Arthur Rowe

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For the English shot putter, see Arthur Rowe (athlete).
Arthur Rowe
Personal information
Full name Arthur Sydney Rowe
Date of birth (1906-09-01)1 September 1906
Place of birth Tottenham, London
Date of death 5 November 1993(1993-11-05) (aged 87)
Place of death Wallington, Surrey[1]
Playing position Centre half
Youth career
Northfleet United
Cheshunt
Tottenham Hotspur
Senior career*
Years Team Apps (Gls)
1929–1939 Tottenham Hotspur
National team
? England 1
Teams managed
1945–1949 Chelmsford City
1949–1955 Tottenham Hotspur
1960–1962 Crystal Palace
1966 Crystal Palace (caretaker)
* Senior club appearances and goals counted for the domestic league only.

Arthur Sydney Rowe (1 September 1906 – 5 November 1993) was an English retired footballer, and later manager, who played as a centre half. He was the first manager to lead Tottenham Hotspur to the First Division Championship title in 1951. He also 'invented' the successful "one-two" method of play.[2]

Playing career[edit]

Rowe was born in Tottenham[3] and began his career at Tottenham Hotspur's nursery club Northfleet United as an amateur in 1923, before becoming a professional with "Spurs" in 1929.[3] He also appeared as an amateur for Cheshunt in 1920. He was a Tottenham player for eight seasons, after making his debut in 1931,[4] in which time he played 201 games, in all competitions, and earned his single cap for the England team. He was forced to retire in 1939 due to a cartilage injury.[3]

Managerial career[edit]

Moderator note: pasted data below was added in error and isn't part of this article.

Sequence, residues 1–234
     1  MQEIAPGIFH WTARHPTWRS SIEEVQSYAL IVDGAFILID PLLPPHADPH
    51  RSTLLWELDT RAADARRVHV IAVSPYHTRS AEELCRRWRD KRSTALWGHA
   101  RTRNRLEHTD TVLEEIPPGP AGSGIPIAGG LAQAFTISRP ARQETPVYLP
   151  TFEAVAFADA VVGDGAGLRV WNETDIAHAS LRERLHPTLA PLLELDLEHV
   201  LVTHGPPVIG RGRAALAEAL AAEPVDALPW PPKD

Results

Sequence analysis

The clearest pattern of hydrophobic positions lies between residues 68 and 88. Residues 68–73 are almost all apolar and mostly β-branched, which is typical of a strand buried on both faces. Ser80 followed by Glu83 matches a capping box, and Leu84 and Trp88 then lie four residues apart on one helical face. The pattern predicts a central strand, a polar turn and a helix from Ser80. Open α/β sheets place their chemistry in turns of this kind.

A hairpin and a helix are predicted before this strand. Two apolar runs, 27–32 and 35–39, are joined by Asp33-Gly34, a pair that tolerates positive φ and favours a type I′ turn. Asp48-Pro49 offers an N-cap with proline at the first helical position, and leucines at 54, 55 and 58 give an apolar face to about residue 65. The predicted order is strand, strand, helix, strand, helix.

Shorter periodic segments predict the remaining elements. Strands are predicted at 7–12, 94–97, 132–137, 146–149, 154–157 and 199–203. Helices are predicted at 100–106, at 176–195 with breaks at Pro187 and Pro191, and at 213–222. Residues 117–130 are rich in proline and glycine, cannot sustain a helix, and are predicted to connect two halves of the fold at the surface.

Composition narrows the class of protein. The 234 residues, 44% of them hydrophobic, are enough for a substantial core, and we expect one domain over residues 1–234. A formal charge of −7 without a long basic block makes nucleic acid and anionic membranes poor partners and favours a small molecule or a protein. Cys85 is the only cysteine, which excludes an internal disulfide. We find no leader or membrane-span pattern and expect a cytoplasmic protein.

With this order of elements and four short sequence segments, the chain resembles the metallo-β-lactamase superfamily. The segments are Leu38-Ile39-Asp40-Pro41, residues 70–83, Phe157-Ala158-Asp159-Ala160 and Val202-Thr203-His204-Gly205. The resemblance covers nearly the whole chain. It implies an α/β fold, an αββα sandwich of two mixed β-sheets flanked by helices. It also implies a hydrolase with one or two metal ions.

Chelmsford City[edit]

After finishing his career as a player Rowe took a coaching job in Hungary although this was halted due to the outbreak of World War II. He returned to Britain and joined the military as a physical training instructor.[3] He joined Chelmsford City, as secretary-manager, in 1945[4] and made the club into a leading non-league team.[3]

Tottenham Hotspur[edit]

Tottenham were in the second division when Rowe returned to the club as manager in 1949 and his task was to gain promotion. This was achieved by becoming Champions and the following season the First Division Championship was won as well. These back-to-back championships made Spurs the first post-war team to win back-to-back titles. This was achieved through the use of 'Push and run' football.[3]

Rowe was forced to resign as Tottenham manager in 1955 due to health issues.[3]

Crystal Palace[edit]

After leaving Tottenham, Rowe took time off to recover and joined Crystal Palace in November 1958[3] as assistant to George Smith. He was promoted to manager when Smith resigned in April 1960[1] bringing the club a promotion to Division Three in the 1960–61 season. The club consolidated its position in Division Three in 1961–62, but a poor start to the next season coincided with failing health for Rowe and he resigned in December 1962[3] to be replaced by assistant manager Dick Graham. Rowe returned to assist Graham in the 1963–64 season (when Palace were promoted to Division Two)[1] and when Graham was dismissed by Palace in 1966, Rowe was appointed caretaker-manager. After Bert Head was appointed as manager later in 1966, Rowe continued with Palace in a scouting capacity. He subsequently managed the Hall of Fame in London[3] and also assisted Leyton Orient briefly in 1972.[3]

Arthur Rowe died on 5 November 1993 in Wallington, Surrey aged 87.[1]

References[edit]

  1. ^ a b c d King, Ian. Crystal Palace: A Complete Record 1905–2011. The Derby Books Publishing Company. pp. 208–9. ISBN 9781780910468. 
  2. ^ Lanfranchi, Pierre; Taylor, Matthew (2001). Moving with the Ball: The Migration of Professional Footballers. Berg Publishers. p. 203. ISBN 1-85973-307-7. 
  3. ^ a b c d e f g h i j k Purkiss, Mike; Sands, Nigel. Crystal Palace: A Complete Record 1905–1989. The Breedon Books Publishing Company. p. 53. ISBN 0907969542. 
  4. ^ a b Drury, Reg (11 November 1993). "Obituary: Arthur Rowe". independent.co.uk. Retrieved 22 June 2015. 

See also[edit]